patti smith woolgathering review

#3 Woolgathering – Patti Smith

Continuing my mission to read everything Patti Smith has ever written, I found a beautiful copy of Woolgathering in a rare books shop in London Fields. Written in a relatively mysterious part of Patti’s life, as she retired to raise her children in Michigan. Inspiring an oddly pastoral piece in her library of NYC-centric books, Woolgathering is a mixture of child-like fairytales and odes to the people she loves. Mixing up past and present, the book seems to nurture her childhood self, using her voice and imagination to tell mythologised stories of her favourite cafes, the birth of her sister and her various moves to and from New York.

In comparison to other books like Just Kids and The Coral Sea, Woolgathering doesn’t hold a candle to them. But it’s still beautiful, as is everything she does. In all her earlier works as she begins to settle more and more into prose, I love that you can see her warming up for Just Kids. Perfecting her memoir-style and learning to merge it with magic and all the literary references she loves, you can feel her learning how to be the Patti Smith I adore.

Still a worthy read for Patti Smith fans, I wouldn’t recommend starting with this one though.

violet bend backwards over the grass review

#4 Violet Bent Backwards Over The Grass – Lana Del Rey

I finally caved and bought Lana’s poetry book when it was 50% off in Waterstones. Having heard a couple of spoken word readings of the works, I really loved the style. LA Who Am I To Love You feels Ginsberg-ish, or like Frank O’Hara for the modern celebrity age. I love the complexity in Lana’s ability to be both so open and so mysterious as she shares a lot here but still the image of who she is remains blurry.

Like everything Lana does, there are moments of cheesiness. When she mentions vaping and calls lovemaking her legacy, I definitely rolled my eyes. But for fans of her work, I think this is a really interesting look into her voice and process. At points you get to see several drafts of the same piece, complete with crossings out and handwritten changes, you begin to see the thought process behind her work, and the tone of her music carries through completely in even the shortest, simples haikus. The queen of incredible one-liners and a magician at building a full atmosphere while saying so little, the book is encased in the same kind of glamour and beauty that holds all her albums. Reminding me of her demo recordings with their ever-changing lyrics, it’s nice getting to look at Lana as an artist while so many shrug her off, and the effects fame can have on the purity of work.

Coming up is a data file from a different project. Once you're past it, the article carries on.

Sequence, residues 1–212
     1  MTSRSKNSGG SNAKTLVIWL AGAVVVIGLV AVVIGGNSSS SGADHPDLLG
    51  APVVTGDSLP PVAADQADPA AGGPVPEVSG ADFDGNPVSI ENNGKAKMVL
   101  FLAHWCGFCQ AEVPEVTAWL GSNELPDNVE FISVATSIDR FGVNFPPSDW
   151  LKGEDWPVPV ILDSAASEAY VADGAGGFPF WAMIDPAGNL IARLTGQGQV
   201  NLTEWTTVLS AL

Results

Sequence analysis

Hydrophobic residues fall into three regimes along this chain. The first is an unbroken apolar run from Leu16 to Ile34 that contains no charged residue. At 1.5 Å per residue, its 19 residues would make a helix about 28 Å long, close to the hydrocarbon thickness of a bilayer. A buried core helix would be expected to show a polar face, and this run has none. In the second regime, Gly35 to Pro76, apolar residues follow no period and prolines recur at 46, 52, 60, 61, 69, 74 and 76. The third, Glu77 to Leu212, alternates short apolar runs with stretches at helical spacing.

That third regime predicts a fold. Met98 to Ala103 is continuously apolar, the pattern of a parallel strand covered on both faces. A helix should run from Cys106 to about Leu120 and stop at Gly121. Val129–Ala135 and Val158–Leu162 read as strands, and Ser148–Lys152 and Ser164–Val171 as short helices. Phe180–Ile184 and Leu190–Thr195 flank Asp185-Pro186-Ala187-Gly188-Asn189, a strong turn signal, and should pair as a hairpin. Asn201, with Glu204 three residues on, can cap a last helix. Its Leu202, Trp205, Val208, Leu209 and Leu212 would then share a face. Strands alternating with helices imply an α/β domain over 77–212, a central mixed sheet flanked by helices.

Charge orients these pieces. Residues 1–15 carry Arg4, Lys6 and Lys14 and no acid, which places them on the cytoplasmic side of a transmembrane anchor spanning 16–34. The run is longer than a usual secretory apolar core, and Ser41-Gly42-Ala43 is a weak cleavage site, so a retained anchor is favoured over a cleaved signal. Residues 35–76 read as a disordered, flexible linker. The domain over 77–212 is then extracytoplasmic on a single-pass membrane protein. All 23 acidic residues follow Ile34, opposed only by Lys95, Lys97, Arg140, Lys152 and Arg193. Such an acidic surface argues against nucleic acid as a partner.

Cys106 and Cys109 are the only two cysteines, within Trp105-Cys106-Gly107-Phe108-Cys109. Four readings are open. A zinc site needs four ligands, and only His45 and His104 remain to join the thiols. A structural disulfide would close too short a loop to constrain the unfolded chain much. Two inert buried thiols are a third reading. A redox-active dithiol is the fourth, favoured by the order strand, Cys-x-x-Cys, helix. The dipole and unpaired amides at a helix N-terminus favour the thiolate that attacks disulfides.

A nice little read that you can take as much as you want from, I’d recommend listening to the recordings after or during.

We Had To Remove This Post review

#5 We Had To Remove This Post – Hanna Bervoets

A novella about the trauma faced by content moderators, this book is already out in Dutch but not yet released in English. Slipping through my letterbox after a particularly bad day as a social media manager, it couldn’t have been more perfectly timed. Despite touching on some heavy subjects, Emma Rault’s translation is easy to read and endlessly engaging as we step into the main character, Kayleigh’s life and workspace at a big social media organisation. I don’t think we really consider the fact that actual people are involved in content moderating, assuming it’s just a bot or a computer program. But the fact that this book is informed by real-life stories of content moderators makes it all the more shocking and opens up loads of thoughts about the traumatic jobs low-wage workers face and the way capitalism will exploit people’s money struggles as Kayleigh discusses her debts.

While being really conversational in tone, there is so much subtext here as you gradually see the characters be changed by their work. Slowly being affected by what they spend their days seeing, I like that it focuses more on the outcomes of trauma rather than sharing too many upsetting scenes of what they saw- leaving it up to the reader’s imagination definitely makes it worse.

Despite only being around 130 pages, I feel like this book has changed my perception, making me want to complain less about my social media job and consider more about the trauma behind the scenes. I think it’s a really important book and I’m so glad it’s finally being released in the UK!

Next up...

And The Ass Saw The Angel – Nick Cave

  • Share:

You Might Also Like


Talk to me...